Last Updated on 28/02/2023 by National Justice Project
We welcome the government’s decision to provide permanent visas to around 20,000 people on temporary protection visas (TPV), but we believe more needs to be done to provide protection to people seeking asylum.
We have received many enquiries from supporters and community members relating to the recent decision to provide pathways to permanent protection. Here, we answer some of those questions:
Does NJP work in migration law?
No, our legal team does not work in migration law, and unfortunately we are unable to assist clients with visa matters. We encourage you to seek advice from a migration lawyer who may be able to assist you.
There are a number of resources which may help you secure appropriate advice – here is a short list:
- The Asylum Seeker Resource Centre (ASRC) fact-sheet and FAQs
- The Refugee Advice and Casework Service (RACS) fact-sheet
- Refugee and Immigration Legal Service fact-sheet
- The Refugee Council of Australia information page
- Refugee Legal fact-sheet
What is NJP’s position on the TPV announcement?
We welcome the recent announcement that the government will provide permanent visa pathways for around 20,000 existing Temporary Protection Visas (TPVs) and Safe Haven Enterprise Visa (SHEV) holders.
However, we recognise that the new policy is insufficient, and that too many refugees continue to live in limbo. The decision applies only to people who arrived in Australia before 1 January 2014, and the decision does not abolish TPVs.
We believe that TPVs and SHEVs should be abolished, and that all people seeking asylum in Australia who are found to be refugees should be issued with permanent protection visas regardless of how and when they arrived. The should have their cases reviewed and processed in a timely manner.
What reforms is NJP advocating for?
We advocate for compassionate treatment of people seeking asylum. This would mean reforming migration laws to:
- Abolish TPVs and SHEVs
- Abolish eligibility restrictions based on health and disability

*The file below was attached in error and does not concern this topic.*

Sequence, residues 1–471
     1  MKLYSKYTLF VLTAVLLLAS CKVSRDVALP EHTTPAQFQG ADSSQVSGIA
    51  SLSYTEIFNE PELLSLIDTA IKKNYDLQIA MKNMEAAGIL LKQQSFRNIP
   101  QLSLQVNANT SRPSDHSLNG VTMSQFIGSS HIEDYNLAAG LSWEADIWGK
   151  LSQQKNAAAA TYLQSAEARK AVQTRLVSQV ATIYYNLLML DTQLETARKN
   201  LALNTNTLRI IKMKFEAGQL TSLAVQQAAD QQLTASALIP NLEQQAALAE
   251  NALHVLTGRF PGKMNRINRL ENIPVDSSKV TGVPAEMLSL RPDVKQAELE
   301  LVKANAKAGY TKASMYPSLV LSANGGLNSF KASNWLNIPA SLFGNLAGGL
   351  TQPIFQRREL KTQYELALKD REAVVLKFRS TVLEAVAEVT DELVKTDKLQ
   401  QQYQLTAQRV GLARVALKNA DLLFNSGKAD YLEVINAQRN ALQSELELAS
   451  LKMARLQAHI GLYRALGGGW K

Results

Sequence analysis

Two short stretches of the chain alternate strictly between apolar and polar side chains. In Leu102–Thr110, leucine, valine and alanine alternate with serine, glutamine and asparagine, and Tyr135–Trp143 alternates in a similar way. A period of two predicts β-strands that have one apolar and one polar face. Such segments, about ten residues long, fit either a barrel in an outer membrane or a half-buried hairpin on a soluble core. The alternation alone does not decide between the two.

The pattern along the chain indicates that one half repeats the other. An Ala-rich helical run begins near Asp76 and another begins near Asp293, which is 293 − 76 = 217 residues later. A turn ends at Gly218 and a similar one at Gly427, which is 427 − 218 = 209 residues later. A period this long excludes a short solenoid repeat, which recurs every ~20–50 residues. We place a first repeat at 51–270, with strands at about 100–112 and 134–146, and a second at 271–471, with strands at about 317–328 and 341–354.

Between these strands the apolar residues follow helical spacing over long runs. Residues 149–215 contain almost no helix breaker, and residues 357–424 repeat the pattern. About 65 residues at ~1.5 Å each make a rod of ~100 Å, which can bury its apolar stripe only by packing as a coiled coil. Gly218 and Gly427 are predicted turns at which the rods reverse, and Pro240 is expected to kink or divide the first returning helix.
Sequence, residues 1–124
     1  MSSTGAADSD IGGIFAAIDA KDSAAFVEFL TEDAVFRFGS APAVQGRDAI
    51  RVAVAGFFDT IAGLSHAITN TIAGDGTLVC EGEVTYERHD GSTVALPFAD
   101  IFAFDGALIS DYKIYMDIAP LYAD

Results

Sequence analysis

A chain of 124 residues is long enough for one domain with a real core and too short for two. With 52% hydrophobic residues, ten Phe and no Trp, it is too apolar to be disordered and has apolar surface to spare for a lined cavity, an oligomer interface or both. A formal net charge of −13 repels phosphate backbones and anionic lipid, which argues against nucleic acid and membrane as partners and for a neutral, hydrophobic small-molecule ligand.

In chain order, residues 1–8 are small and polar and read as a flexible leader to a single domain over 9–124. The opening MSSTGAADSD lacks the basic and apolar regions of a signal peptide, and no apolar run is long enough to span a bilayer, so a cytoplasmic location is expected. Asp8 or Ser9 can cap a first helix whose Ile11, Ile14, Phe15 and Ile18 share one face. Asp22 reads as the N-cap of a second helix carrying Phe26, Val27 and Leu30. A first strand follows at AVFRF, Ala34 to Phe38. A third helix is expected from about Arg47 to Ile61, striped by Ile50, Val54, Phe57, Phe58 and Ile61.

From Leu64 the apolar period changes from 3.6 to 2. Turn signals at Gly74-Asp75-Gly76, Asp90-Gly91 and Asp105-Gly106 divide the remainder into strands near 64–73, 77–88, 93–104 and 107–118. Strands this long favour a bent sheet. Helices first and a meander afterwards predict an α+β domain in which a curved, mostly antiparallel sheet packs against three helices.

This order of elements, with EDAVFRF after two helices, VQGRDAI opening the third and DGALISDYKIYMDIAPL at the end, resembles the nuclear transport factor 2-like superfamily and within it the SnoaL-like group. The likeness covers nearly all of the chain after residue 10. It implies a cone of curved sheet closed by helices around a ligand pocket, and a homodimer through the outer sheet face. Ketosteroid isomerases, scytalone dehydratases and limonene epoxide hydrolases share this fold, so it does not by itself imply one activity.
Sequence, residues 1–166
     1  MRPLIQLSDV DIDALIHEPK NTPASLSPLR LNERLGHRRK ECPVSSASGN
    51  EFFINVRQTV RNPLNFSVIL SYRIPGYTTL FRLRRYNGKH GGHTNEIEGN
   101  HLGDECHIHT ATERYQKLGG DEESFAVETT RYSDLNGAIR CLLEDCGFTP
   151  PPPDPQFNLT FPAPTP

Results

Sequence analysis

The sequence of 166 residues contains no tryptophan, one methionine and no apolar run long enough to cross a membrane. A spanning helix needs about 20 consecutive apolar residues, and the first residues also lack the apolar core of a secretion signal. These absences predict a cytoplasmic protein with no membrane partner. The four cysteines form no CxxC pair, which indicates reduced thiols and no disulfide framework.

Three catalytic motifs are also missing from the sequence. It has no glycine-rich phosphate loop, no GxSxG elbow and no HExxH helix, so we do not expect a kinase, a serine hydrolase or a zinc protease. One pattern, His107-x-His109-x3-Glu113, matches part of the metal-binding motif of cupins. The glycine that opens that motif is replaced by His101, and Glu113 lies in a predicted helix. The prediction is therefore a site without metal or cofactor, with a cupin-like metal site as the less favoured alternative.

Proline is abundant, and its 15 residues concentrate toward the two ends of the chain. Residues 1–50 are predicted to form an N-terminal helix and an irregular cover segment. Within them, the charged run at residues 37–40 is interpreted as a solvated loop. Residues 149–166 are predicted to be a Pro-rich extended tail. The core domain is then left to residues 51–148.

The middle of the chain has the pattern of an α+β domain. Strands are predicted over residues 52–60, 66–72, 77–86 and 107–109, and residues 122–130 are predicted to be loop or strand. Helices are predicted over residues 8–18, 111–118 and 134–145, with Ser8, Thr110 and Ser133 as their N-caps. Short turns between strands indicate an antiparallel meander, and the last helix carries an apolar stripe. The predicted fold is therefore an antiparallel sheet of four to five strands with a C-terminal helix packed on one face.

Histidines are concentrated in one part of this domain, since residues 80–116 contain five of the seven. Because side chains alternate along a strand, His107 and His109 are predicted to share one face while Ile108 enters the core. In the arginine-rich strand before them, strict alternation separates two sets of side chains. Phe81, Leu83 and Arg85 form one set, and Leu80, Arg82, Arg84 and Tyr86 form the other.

- Grant people on bridging visas full access to income support, Medicare, the PBS and the NDIS, together with the automatic right to work and study
- Remove terms such as ‘unauthorised’ and ‘illegal’ when referring to people seeking asylum who arrive without a valid visa
- Afford the same priority and eligibility criteria to all applications for family reunion, regardless of a person’s mode of arrival or type of visa
How can NJP’s legal cases impact migration policy?
Until we secure systematic reforms, we will continue to take legal action to hold the government to account for breaching its duty of care and obligations to refugees.
For five years, we have been representing 42 refugee clients who are seeking accountability for the lifelong harm they suffered while in offshore detention.
If those cases are successful, we will set a ground-breaking legal precedent that allows refugees to hold the government to account for the physical and psychological harm they suffered in immigration detention.
This precedent would require changes in Australia’s offshore detention policies, and it would help prevent anyone else from experiencing the torturous conditions of offshore detention.
Ultimately, our cases – if successful – would help ensure a more humane approach to processing people seeking asylum in the future.